Trophic Level– Each step in a food chain/web is called a trophic level.

-A feeding step in the passage of energy and materials through an ecosystem


Producers/Autotrophs make up the 1st level.

Consumers/Heterotrophs make up all other levels.

Ecological Pyramid– Shows the relative amounts of energy or matter contained at each trophic level

3 types of ecological pyramids:

1. Pyramid of Energy– represents the energy available at each level

-Only about 10% of available energy is passed on to the next level.  Why?

-Most energy is used or lost as heat!

2. Pyramid of Numbers– represents the population size of organisms at each level

-Population as the level

3. Pyramid of Biomass– represents the weight of living material at each level (or amount of potential food available at each level)

-Biomass as the level.

Cycles in Nature

*Ecological pyramids show us that energy is LOST from one trophic level to the next as HEAT generated by the body processes of organisms.

-This energy is constantly renewed by the sun!

*Matter can NOT be renewed;  It is constantly being recycled.

-This is because biological systems do not use up the matter – they transform it.

-All of the elements that make up the bodies or organisms today are the same elements that have been on Earth since life began.

1. The Water Cycle: Water is constantly moving between the atmosphere and Earth due to:

-evaporation (l > g), transpiration (l > g from plants), condensation (g > l), and precipitation (l or s from the sky)

2. The Carbon Cycle: Carbon is the molecule of life- the key ingredient in all living things.

-Carbon is constantly moving between the atmosphere and Earth due to:

photosynthesis (plants use CO2 to make energy rich C molecules); respiration (animals breathe out CO2); eating (we eat plants to get C); decomposition/waste (our bodies give off waste and eventually die, which puts C back into the air and soil); volcanoes; forest fires; burning fossil fuels (all release CO2 into the air and water)

3. The Nitrogen Cycle: All organisms require N to build amino acids and make proteins.

-N is constantly moving between the atmosphere and Earth.

-Air = 78% N, but plants and animals can’t use this N!  Only certain bacteria can use it.

-Plants take in N from soil, where bacteria and lightning has converted it from the air into a more usable form.

-Plants make proteins > animals eat plants to get the N proteins

Urine contains excess N, which returns N to the water and soil.

-Die > decomposers return N to soil > plants reuse this N and bacteria convert this N back into N gas that goes into the air.

4. The Phosphorus Cycle: All organisms require P for growth and development (It is in our DNA!)

-P is not in the atmosphere.

a. Short-Term P Cycle: plants use P in soil; animals eat plants to get P; animals die and decompose and P goes back into soil for plants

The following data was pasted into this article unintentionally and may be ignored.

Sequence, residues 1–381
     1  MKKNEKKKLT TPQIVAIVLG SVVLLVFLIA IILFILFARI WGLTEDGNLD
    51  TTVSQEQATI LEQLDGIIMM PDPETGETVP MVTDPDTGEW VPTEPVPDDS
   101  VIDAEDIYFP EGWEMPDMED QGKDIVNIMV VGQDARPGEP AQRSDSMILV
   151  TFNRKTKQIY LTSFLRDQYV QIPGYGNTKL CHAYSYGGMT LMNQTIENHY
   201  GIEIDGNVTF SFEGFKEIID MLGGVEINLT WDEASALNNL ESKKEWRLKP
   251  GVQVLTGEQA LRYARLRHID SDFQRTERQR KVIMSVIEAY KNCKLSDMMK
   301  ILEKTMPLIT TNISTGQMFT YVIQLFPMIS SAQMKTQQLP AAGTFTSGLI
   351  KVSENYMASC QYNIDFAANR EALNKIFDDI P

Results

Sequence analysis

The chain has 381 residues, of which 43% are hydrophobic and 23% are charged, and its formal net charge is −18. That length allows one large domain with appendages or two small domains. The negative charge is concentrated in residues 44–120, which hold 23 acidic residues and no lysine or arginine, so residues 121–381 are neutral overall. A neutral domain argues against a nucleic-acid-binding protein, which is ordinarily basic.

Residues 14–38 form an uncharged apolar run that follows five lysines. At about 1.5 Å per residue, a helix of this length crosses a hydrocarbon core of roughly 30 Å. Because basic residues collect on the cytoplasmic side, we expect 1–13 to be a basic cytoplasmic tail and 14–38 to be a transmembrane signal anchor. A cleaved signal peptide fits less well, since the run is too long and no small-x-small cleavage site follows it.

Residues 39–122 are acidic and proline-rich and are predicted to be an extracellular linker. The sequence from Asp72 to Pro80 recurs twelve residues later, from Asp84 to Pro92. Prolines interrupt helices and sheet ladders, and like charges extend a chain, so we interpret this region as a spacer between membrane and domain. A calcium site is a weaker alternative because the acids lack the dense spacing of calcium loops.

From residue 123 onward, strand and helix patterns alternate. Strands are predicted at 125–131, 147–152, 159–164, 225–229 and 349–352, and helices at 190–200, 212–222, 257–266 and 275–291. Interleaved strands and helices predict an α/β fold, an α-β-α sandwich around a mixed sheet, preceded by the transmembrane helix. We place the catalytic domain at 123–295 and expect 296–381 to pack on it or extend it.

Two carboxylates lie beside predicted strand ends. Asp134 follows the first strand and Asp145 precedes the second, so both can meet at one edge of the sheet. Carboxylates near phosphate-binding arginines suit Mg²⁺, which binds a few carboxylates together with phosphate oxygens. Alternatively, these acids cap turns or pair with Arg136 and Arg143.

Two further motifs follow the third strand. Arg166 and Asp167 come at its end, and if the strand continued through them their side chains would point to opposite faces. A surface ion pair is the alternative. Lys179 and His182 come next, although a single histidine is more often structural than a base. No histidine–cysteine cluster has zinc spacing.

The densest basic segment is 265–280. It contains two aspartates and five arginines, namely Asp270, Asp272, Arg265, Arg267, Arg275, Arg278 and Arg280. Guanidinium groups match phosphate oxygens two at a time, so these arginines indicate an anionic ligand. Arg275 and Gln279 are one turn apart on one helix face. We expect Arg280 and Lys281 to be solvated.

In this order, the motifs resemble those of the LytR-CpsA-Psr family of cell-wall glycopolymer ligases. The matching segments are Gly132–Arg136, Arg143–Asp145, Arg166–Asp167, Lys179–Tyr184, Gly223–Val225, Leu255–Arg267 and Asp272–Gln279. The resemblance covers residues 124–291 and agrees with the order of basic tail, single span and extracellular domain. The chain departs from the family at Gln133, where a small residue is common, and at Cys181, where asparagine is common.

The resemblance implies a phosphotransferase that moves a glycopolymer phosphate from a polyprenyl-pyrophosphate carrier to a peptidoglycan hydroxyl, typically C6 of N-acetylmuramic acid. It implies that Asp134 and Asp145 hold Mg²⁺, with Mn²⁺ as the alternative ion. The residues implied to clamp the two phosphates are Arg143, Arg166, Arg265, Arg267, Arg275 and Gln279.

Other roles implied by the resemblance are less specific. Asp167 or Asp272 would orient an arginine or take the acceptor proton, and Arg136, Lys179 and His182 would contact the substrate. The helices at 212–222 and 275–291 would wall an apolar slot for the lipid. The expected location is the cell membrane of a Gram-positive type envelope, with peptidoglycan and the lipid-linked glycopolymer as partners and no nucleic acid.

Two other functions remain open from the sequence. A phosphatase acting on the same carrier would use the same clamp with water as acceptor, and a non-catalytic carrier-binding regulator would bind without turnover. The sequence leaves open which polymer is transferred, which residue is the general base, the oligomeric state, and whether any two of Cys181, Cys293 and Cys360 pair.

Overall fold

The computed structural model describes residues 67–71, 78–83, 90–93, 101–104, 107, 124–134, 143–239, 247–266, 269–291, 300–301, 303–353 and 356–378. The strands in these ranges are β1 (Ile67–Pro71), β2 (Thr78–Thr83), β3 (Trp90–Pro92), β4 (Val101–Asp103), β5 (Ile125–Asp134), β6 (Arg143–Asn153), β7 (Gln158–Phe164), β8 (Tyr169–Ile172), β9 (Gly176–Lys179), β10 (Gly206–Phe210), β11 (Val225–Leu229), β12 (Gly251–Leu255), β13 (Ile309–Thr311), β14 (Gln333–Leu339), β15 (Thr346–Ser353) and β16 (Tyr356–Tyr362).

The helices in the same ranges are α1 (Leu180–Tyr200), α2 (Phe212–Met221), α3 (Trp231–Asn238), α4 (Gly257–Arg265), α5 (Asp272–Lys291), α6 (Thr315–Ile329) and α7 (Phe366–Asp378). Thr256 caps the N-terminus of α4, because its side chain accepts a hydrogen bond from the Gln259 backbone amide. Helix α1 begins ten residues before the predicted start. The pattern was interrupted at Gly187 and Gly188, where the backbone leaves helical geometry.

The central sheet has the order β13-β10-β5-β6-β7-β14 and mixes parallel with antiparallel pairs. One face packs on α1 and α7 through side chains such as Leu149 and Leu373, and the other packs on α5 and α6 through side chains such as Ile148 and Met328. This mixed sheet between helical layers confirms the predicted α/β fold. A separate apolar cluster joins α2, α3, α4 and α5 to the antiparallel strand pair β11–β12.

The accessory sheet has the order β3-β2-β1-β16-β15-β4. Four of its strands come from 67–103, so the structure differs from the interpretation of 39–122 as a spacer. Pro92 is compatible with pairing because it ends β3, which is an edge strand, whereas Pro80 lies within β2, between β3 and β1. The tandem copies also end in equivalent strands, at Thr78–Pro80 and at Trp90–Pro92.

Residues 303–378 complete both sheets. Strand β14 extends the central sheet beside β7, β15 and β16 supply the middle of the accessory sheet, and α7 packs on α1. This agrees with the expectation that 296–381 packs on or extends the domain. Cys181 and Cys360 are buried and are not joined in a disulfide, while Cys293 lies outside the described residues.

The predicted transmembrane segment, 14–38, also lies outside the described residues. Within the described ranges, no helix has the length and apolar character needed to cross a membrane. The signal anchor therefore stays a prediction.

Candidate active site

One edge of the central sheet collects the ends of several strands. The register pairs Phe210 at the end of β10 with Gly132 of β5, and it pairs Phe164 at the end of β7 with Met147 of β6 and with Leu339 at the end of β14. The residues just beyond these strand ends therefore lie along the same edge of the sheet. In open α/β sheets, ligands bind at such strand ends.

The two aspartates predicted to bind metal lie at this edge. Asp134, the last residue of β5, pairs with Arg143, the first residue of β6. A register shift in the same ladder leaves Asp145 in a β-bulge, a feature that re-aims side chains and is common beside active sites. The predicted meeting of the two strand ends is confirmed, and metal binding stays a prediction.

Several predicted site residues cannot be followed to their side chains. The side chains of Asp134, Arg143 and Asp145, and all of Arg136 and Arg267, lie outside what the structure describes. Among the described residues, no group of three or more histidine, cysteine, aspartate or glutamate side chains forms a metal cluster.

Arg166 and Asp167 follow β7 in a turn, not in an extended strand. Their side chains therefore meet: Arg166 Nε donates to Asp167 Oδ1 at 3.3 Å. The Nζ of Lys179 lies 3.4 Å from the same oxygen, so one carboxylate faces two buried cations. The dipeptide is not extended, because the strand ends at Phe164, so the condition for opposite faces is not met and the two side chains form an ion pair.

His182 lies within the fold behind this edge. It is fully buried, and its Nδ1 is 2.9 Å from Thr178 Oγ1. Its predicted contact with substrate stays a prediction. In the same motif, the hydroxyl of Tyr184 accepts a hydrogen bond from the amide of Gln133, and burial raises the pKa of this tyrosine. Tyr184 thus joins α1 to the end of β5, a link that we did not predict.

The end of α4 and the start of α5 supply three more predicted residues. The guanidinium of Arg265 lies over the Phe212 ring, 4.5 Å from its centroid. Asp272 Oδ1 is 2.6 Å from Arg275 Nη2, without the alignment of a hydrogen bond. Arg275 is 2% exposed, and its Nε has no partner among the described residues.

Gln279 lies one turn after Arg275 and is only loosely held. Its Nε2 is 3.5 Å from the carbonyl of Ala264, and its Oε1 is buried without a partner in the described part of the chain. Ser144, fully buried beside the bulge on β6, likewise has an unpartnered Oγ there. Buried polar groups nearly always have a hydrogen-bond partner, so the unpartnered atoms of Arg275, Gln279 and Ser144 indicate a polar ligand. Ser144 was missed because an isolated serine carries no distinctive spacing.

b. Long-Term P Cycle: P washed into the sea becomes part of rocks; Rocks erode over time and P dissolves in water and is used by marine life or becomes part of soil again


*Remember, all organisms are affected by both the biotic and abiotic factors in the environment.

-These factors interact and result in conditions that are suitable for life for some organisms and unsuitable for other organisms.

-Ex.- polar bears color and fur

– hummingbirds long beak

Limiting factor: any biotic or abiotic factor that restricts the existence, numbers, reproduction, or distribution of organisms.

-Ex.- not enough water; not enough O2; too hot; too windy – Some species are adapted, but some can NOT survive!

-Often times, the biotic and abiotic factors in a community change.  (Ex- people stop cutting grass; a volcano destroys a forest; an avalanche exposes new rock and buries other rock)

-These changes lead to succession: the natural, orderly changes and species replacements that take place in the communities of an ecosystem

There are 2 types of succession:

1. primary succession: when organisms start to live in a NEW place

Ex.- a new island; new rock made by an erupting volcano

2. secondary succession: when organisms start to live again in a place that had been destroyed by a natural disaster or human actions

Ex.- a flood, fire, or hurricane destroys a community; people stop cutting the grass

-Takes less time them primary succession because soil already exists.

*Overall message of this chapter: We all interact w/everything and everyone around us, and it is these interactions that determine our survival.

author avatar
William Anderson (Schoolworkhelper Editorial Team)
William completed his Bachelor of Science and Master of Arts in 2013. He current serves as a lecturer, tutor and freelance writer. In his spare time, he enjoys reading, walking his dog and parasailing. Article last reviewed: 2022 | St. Rosemary Institution © 2010-2024 | Creative Commons 4.0